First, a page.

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West Virginia OL coach on Marquis Lucas: 'He loves the weight room, the grind, he loves to work hard'

This week's Sunday Story in The News tells the story of Buffalo Bills rookie Marquis Lucas. We spent a day together in downtown Buffalo to discuss his wild upbringing, one that included his entire family living out of a Suburban and his father tragically dying right after Lucas took off to West Virginia for college.

For the full story, here's that link.

And here below is a Q&A with Lucas' college coach at West Virginia, Ron Crook. In college, Crook became a go-to mentor on and off the field for Lucas. As always, thanks for reading folks.

On his relationship with Marquis Lucas: “He’s a guy who doesn’t give you trust right away. You have to earn it. He and I had a really good relationship. We were straightforward with each other. Like any coach and player, we had some ups and downs as we moved forward. But I feel like we have a lot of mutual respect for each other. And he won me over with his work ethic and his love for the game.”

On what he learned about Lucas when he opened up: “I think you learn, the things we talk about in meeting rooms about being mentally tough and being able to fight through the hard times. You realize he isn’t going to go through any more hard times that he’s already been through. He’s learned how to fight through all those times and learned how to thrive with those emotions and work towards his goals. When you have a drive like that you have an impact on the people around you.”

On Lucas losing his father: “You could tell that was difficult. Any man losing their father in life, it’s hard to go through. I lost my father at a much older age but you still go through it and ask ‘Why?’ Things haven’t been quite the same in my life since then. You view things differently and take on different approaches. Everything changes. And what happens for someone like him at a younger age is it forces you to mature earlier. It forces you to make some tough decisions earlier and do things you probably shouldn’t have to do at that age.”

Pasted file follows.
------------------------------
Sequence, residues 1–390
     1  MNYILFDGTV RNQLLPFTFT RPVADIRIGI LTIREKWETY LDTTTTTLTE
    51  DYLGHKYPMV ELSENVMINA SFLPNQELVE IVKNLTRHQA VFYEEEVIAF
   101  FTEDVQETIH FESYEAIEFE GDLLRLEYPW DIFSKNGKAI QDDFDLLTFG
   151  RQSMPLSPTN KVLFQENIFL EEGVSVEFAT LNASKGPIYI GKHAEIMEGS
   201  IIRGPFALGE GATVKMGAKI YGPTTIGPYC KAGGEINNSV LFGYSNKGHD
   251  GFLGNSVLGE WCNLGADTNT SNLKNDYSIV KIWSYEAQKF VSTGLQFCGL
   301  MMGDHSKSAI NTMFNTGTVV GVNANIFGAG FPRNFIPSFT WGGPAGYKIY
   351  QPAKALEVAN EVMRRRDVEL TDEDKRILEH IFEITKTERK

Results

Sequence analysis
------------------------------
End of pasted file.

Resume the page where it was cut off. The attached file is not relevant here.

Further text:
On Lucas having a child serving as a turning point: “Raising a young child isn’t easy. It’s going to test you. What we talked about was how important a father is to a child. Whether you’re there every day in person right beside him or you’re just there from the standpoint of your child knowing how important they are to you. Understanding that ‘everything I do is for you, for your good, for your betterment.’ I’m really proud of the way he stepped up and is continuing to step up to be that kind of father."

On where exactly he witnessed a better focus: “You just see it in everyday happenings. Instead of hanging out with the guys, it became ‘Nah, I’m going to hang out here and do some stuff,’ to give himself time to look at things differently and view that day differently and understand ‘I’m in a different spot than these guys are.’”

On who Lucas is as a player: “He’s a guy that regardless of what happens, he loves playing football. He loves every part of it. He loves the weight room, the grind, he loves to work hard. His excitement to go out and play every day, you can see it. He comes out onto the field and gets a little more pop in his step. He’s far from being the perfect guy or the thing that you’d draw up but, man, you can’t help but be drawn to how excited he is about playing football.”

On Lucas not being the biggest or quickest but having this: "When you love it that much, you pay more attention to things. You do a little extra work on your own to make up for not weighing 330 pounds. You’ve got to have better leverage to give yourself a chance. You have to watch a little more film and see things happening before they happen. From his sheer excitement of playing, you could see him doing some of those things as he got older in his career.”

On if Lucas opened up about growing up homeless: “Not a whole lot. It was something I was aware of but didn’t want to push. Didn’t want to ask a whole lot of questions about. But I know that was something that helped define him. You can’t go through something like that and not have it have a big impact on you. I know there times he was trying to help out back home when he could from a financial standpoint as a college student. It’s not easy to do but he was trying to do that. He had a little sister back there that he was doing his damnest to take care of and now having a baby he’s trying to take care of. That all helped form him who he was as a person and a player.”

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